SUZANNE BURLTON notices the powerful but not obnoxious odour of veracity.
ADC Theatre, 26-30th October, £8-10
Directed by Morgan Ring
Tennessee Williams’ noted GCSE set text portrays a southern American family celebrating the birthday of its patriarch. Unsurprisingly there are problems behind the facade, and it seems inevitable that it will all fall apart.
Josephine Starte does a delightful turn as Maggie, the hapless wife of the younger, alcoholic son. She chatters merrily away at first, but then an air of tragedy enters her voice and she becomes faintly hysterical without acknowledging a shift. It is a subtle performance, but also one that makes you wish she would breathe every now and then. Simon Haines gives a measured performance of Big Daddy, rising to anger and a truly affecting reaction when the Big Secret of the play is revealed to him. It was a very powerful moment.
The star of the show is undoubtedly Tamara Astor as Big Mama, however. She has a huge range, something which the rest of the cast sometimes lacked, and her physicality was just perfect for the part and very distinctive. Her devastation on discovering the family secret was exquisitely painful to behold.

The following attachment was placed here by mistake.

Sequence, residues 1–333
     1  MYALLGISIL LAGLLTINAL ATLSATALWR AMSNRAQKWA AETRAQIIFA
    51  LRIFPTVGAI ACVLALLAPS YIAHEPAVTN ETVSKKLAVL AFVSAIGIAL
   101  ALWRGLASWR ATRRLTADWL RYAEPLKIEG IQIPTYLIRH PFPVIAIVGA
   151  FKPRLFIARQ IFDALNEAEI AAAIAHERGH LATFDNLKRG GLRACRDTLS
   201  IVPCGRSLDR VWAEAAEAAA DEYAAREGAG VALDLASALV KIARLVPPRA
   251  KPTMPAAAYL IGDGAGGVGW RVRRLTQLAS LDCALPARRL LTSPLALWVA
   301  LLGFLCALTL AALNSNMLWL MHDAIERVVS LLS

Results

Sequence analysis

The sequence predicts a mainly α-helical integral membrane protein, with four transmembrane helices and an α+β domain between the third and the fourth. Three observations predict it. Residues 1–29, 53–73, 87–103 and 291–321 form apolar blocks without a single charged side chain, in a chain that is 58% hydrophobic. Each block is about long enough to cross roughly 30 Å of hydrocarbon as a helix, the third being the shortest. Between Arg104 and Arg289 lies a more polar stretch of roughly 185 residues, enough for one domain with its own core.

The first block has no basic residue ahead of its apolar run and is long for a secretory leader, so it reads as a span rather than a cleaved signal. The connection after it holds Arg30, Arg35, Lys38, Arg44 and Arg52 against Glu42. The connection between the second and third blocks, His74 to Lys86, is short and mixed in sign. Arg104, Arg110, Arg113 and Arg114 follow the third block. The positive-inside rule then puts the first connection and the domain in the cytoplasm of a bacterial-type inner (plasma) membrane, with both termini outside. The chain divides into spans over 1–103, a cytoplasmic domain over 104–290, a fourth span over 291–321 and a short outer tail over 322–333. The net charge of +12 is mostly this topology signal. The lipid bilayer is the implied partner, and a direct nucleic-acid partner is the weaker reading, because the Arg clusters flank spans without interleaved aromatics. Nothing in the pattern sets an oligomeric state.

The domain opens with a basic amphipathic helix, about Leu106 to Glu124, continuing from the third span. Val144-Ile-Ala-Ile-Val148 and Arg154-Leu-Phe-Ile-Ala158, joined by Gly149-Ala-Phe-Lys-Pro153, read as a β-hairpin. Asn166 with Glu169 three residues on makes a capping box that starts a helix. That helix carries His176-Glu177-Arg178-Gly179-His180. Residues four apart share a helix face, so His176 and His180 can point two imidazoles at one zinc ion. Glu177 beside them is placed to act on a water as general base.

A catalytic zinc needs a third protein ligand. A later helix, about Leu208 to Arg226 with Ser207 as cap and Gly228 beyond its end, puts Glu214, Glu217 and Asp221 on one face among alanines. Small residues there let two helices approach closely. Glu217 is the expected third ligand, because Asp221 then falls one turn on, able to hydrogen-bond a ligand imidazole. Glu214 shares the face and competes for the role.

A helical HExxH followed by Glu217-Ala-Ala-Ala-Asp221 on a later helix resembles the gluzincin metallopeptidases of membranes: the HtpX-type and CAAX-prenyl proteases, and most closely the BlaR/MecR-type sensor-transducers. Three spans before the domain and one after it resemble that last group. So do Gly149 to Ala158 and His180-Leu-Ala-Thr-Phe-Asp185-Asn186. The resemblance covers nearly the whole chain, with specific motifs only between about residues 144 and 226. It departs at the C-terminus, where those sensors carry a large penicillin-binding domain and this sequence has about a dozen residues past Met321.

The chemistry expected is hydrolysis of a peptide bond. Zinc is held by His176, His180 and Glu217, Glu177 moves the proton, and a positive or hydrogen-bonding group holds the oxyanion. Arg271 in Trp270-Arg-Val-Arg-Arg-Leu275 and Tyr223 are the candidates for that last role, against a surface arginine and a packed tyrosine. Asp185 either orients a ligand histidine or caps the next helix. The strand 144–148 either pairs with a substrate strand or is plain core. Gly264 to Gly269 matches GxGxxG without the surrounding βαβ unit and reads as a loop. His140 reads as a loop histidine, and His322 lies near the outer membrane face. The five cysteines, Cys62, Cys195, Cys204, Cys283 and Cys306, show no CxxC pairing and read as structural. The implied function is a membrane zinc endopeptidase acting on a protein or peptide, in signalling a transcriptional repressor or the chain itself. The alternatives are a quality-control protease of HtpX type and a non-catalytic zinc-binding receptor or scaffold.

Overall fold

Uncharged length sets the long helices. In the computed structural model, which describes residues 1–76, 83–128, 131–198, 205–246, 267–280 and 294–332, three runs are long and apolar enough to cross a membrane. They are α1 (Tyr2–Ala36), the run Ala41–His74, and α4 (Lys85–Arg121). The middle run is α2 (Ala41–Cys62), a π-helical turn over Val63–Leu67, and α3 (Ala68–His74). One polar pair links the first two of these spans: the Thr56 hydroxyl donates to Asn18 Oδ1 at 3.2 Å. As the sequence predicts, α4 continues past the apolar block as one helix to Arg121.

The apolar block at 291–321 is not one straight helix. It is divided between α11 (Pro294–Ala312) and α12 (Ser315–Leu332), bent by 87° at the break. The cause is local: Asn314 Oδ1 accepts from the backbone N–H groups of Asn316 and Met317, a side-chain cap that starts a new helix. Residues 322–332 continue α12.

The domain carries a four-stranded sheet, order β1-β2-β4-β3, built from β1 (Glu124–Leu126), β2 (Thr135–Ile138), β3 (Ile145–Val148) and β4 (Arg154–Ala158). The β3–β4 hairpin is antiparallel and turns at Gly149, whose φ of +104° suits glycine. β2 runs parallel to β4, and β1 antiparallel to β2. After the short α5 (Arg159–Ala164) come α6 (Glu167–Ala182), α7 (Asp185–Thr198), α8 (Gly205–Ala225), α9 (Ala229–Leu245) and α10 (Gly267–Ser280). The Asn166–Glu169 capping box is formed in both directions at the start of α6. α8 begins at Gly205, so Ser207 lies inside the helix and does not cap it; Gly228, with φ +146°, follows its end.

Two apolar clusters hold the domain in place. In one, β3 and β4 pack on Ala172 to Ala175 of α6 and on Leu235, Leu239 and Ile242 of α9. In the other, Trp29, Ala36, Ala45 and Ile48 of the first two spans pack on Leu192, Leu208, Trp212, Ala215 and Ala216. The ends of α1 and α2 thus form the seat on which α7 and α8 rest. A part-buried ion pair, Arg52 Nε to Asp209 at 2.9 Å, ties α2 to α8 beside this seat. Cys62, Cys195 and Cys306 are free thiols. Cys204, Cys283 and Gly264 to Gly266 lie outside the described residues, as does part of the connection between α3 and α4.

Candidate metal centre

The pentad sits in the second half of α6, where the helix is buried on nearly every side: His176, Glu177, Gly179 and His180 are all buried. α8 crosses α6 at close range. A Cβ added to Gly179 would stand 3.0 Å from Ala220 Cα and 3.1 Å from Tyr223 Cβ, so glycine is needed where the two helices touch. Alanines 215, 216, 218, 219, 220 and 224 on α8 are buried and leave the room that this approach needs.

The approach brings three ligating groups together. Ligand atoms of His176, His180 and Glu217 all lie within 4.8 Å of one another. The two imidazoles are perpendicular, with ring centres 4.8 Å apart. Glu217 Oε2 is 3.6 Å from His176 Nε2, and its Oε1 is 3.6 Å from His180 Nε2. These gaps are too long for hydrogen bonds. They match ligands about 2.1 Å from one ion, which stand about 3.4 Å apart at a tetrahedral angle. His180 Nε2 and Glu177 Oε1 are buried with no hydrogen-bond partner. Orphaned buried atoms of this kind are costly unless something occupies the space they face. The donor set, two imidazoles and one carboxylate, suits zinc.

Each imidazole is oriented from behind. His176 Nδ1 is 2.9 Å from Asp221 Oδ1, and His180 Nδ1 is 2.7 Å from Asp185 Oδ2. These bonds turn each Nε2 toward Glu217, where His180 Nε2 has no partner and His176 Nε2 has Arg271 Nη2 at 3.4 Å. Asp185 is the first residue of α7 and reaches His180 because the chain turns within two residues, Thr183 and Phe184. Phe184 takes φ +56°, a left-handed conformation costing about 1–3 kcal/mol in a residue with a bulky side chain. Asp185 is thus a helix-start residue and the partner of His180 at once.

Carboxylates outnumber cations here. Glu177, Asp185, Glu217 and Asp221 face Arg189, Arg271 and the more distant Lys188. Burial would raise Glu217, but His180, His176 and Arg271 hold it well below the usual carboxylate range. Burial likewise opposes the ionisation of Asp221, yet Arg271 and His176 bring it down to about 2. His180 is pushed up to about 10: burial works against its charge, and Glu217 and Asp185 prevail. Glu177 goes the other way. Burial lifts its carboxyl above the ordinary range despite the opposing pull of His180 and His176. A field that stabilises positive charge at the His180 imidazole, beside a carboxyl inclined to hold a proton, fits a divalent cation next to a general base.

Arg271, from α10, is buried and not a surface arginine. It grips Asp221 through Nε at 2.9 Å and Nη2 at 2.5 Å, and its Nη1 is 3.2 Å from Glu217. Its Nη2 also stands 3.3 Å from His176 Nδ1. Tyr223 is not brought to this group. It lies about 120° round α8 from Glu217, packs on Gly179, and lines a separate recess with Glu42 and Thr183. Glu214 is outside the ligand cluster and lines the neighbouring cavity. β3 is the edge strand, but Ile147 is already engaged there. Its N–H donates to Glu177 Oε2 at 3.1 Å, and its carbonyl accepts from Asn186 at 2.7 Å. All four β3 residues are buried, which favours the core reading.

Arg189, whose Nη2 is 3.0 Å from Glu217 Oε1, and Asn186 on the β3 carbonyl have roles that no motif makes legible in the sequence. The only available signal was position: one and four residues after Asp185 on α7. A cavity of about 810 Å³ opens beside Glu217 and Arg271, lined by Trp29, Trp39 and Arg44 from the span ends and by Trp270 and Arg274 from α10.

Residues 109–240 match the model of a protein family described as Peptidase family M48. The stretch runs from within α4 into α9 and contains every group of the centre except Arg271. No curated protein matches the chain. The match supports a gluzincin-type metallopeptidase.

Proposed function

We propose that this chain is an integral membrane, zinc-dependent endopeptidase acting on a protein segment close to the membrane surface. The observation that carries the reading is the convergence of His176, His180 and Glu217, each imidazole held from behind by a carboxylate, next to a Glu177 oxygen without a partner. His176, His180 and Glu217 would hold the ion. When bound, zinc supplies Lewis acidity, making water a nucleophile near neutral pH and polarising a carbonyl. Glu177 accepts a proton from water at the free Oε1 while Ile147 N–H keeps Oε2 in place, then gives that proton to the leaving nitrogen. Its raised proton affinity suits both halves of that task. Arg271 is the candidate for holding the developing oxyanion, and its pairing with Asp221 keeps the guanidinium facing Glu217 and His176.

Two of my noirest bêtes come up in this piece – children and accents. I hate to go on about it, but why use child actors when there are perfectly serviceable student ones? The children were awkward and comical when they shouldn’t have been. The petulant ‘You’re just jealous because you can’t have babies’ made me cringe. The accents, however, were spot on. The use of a dialogue coach paid recession-beating dividends; it makes all the difference not to have English vowels spoiling the setting.
Talking of which, the set was lovely, most notably the stunningly lit cyclorama at the back. There were some technical fails, such as doors failing to open and sound being far too loud, but this was the first night and I’m sure those will be sorted out in due course. This is a good production of a well-chosen play, and the whole team are to be congratulated.